Tracking Migrating Elephants in South-Africa

One of the solutions to protect both elephants and local communities from conflict situations is to act in advance by tracking migrating elephants.

This kind of monitoring aspects of the ecology and demography for South Africa’s largest elephant populations is done by Elephants Alive, an organisation, founded in 2003 under its previous title of Save the Elephants.

Dr Michelle Henley is the Co-founder, Director & Principal Researcher for research team of Elephants Alive, with the aim of helping to secure their future on the continent and promote harmony between humans and elephants.

The team tracks elephant movements using advanced GPS and GMS technology in order to understand their movements in relation to habitat use, safety, the social landscape and past management practices.

Elephants Alive is working in the Kruger National Park and in the Association of Private Nature Reserves, adjacent to Kruger, in South Africa – as well as in the Limpopo National Park in Mozambique.

In order to track elephants, they have to collar elephants. Collaring sounds bad but it doesn’t hurt the elephants. Each collar is equipped with a GPS tracking device and fitted specially per individual, weighs around 12kg and reaches 3 to 4 metres in length. The elephant is darted with a morphine derivative from a helicopter to make the process easier while the rest of its herd is driven away so they don’t think their family member is being killed. The darted elephant is only unconscious for about half an hour until an antidote to the tranquiliser is administered. The elephant will recover within a minute and make an orienting call to reunite with its herd in less than an hour. For an average of four to five years the collar’s battery allows researchers to download information revealing movement patterns.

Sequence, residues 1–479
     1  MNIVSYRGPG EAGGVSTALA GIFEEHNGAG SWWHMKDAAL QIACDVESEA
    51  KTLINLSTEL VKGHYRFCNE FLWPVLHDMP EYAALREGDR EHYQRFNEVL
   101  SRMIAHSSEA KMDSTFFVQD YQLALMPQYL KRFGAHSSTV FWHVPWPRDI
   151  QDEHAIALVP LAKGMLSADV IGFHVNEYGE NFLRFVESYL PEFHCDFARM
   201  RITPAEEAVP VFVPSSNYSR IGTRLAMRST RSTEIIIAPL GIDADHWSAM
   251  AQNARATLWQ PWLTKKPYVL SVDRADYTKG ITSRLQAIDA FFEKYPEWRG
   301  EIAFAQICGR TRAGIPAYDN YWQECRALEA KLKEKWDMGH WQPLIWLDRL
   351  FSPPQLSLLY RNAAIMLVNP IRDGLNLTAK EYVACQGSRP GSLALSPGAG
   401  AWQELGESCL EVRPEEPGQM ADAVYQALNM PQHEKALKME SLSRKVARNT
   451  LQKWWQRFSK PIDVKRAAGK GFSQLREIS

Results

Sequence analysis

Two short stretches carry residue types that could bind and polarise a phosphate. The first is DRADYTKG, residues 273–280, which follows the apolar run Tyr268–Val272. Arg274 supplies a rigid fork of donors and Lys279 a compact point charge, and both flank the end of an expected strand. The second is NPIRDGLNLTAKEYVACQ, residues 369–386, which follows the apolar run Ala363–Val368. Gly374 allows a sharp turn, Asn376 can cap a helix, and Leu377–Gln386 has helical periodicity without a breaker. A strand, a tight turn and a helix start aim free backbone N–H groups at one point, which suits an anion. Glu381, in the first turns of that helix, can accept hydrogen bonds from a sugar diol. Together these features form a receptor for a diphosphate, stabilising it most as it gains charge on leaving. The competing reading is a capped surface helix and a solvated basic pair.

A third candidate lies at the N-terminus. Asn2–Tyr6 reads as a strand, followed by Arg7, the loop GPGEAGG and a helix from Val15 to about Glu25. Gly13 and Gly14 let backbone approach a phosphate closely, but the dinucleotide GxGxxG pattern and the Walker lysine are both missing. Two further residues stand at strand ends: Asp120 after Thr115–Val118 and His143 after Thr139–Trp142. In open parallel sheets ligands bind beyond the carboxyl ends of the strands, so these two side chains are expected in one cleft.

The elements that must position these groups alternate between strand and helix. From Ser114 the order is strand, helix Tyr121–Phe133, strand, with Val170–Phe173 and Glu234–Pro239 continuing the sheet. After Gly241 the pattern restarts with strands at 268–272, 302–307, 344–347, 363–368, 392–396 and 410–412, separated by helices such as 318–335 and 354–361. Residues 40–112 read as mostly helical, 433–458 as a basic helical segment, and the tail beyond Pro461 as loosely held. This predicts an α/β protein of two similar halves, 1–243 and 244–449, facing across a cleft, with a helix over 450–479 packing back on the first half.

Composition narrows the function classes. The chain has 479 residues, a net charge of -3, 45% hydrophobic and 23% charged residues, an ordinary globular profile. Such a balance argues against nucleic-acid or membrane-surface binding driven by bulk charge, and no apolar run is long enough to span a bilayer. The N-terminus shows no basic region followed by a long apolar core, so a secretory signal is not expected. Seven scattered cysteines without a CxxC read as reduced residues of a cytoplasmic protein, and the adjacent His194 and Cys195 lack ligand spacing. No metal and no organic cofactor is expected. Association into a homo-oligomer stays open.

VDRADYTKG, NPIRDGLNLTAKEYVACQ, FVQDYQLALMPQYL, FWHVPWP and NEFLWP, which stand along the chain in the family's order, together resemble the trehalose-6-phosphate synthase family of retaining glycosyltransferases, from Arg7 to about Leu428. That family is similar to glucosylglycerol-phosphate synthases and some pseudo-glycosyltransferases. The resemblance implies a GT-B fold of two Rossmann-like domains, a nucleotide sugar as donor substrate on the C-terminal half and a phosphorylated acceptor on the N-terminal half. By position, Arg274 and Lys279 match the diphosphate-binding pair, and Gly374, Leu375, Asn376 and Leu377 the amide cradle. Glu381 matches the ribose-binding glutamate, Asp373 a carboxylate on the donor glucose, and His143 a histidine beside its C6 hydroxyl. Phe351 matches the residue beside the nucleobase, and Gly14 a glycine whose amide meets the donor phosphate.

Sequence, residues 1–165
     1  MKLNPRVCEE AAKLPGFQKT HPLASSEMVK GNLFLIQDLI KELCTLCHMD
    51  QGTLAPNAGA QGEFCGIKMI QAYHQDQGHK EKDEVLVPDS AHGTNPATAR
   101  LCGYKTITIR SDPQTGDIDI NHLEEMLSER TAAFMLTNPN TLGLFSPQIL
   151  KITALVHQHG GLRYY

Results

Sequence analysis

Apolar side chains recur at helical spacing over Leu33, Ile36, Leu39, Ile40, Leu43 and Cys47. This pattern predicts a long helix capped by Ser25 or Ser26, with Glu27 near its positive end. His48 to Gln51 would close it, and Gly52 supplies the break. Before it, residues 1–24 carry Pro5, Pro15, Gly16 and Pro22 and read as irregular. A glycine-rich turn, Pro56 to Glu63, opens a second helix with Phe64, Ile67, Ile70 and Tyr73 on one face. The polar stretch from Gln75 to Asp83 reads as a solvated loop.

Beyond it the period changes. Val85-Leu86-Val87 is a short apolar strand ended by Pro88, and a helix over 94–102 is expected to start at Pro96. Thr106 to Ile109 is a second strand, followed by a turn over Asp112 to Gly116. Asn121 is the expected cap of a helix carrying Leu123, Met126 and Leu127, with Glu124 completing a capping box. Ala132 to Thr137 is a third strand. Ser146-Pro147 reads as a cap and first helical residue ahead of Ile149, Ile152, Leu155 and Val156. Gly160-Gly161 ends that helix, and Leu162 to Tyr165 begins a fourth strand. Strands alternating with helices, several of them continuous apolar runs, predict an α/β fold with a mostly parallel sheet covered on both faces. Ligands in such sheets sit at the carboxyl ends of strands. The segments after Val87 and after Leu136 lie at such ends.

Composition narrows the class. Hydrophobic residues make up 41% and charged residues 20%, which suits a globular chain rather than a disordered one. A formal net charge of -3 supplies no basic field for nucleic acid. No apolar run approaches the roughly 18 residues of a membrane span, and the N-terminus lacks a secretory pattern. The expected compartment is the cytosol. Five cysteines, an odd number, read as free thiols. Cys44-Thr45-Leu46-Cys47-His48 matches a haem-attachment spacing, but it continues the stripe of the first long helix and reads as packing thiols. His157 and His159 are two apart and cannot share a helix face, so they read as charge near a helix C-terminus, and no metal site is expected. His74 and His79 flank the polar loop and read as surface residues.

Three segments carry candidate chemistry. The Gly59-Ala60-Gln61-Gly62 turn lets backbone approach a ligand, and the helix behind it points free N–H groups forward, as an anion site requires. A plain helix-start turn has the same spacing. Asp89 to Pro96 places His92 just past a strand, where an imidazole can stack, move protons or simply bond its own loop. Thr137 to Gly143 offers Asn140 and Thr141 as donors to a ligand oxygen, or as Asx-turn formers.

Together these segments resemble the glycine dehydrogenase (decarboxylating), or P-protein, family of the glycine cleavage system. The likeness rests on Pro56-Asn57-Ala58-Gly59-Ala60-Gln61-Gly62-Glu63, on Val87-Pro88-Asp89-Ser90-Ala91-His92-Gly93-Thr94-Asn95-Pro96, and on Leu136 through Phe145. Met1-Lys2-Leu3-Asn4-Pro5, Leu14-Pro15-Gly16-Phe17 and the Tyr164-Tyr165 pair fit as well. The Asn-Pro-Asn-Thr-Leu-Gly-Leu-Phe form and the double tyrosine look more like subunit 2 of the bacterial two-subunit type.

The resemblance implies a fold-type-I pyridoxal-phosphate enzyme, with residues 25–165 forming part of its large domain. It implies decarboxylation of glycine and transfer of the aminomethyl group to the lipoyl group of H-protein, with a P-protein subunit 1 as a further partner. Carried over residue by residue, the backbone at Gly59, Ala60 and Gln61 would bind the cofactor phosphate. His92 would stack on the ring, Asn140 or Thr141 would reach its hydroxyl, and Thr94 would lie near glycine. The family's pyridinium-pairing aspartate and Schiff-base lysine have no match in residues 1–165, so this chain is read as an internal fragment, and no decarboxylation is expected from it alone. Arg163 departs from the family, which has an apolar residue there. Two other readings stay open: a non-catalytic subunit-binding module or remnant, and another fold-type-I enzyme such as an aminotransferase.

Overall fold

These patterns help them predict where elephants will be, understand social dynamics and diets, and be aware of any poaching attempts. If one of the elephants is severely injured or dies, its GPS locator will remain stationary and alert researchers.

The patterns study has resulted in long term conservation planning. Thanks to the data from the radio collars, elephants can now disperse into adjacent areas since the fences are down that used to isolate the Kruger National Park, and culling to manage elephant population is not needed for the immediate future.

So far, Elephants Alive have collared 72 elephants (in 113 collaring operations), in order to

  • define cross-border movements throughout the Great Limpopo Transfrontier Park
  • understand how elephants move in relation to stresses such as hunting, human infrastructure and poaching
  • shed light on how physical barriers (fences, roads, railways) and environmental factors (rivers, artificial water supplies and geological substrate) influence elephant movements
  • inform managers, conservation bodies and landowners on seasonal movement, sustainability of hunting, effects on vegetation where elephants and man co-exist – and sadly now identifying poaching hotspots to inform deployment of anti-poaching patrols
  • understand how elephant mortality rates differ between southern and east African states regarding escalating illegal trade in ivory
  • understand the movements and social importance of the remaining big tusked bulls within the Great Limpopo Transfrontier Park